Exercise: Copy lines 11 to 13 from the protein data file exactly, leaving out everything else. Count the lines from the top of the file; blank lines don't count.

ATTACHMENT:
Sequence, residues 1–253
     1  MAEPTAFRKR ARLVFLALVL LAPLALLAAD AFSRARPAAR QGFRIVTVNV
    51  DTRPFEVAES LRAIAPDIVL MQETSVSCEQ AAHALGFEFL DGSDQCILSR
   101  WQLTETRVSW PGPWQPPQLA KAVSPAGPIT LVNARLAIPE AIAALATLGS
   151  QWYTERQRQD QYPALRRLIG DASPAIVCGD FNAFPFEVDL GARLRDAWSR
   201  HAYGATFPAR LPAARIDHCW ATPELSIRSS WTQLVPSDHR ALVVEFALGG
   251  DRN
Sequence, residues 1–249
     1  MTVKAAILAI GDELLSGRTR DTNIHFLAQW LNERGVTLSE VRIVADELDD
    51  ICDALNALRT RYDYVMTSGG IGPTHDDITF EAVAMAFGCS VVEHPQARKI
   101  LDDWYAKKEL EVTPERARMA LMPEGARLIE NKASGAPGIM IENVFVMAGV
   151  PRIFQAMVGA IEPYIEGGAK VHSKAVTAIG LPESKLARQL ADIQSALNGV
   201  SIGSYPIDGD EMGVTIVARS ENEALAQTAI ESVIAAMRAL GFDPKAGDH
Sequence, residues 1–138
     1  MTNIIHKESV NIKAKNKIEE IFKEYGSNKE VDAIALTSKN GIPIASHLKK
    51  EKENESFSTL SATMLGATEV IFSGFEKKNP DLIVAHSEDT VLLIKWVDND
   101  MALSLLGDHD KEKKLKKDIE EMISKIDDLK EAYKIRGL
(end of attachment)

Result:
   101  LDDWYAKKEL EVTPERARMA LMPEGARLIE NKASGAPGIM IENVFVMAGV
   151  PRIFQAMVGA IEPYIEGGAK VHSKAVTAIG LPESKLARQL ADIQSALNGV
   201  SIGSYPIDGD EMGVTIVARS ENEALAQTAI ESVIAAMRAL GFDPKAGDH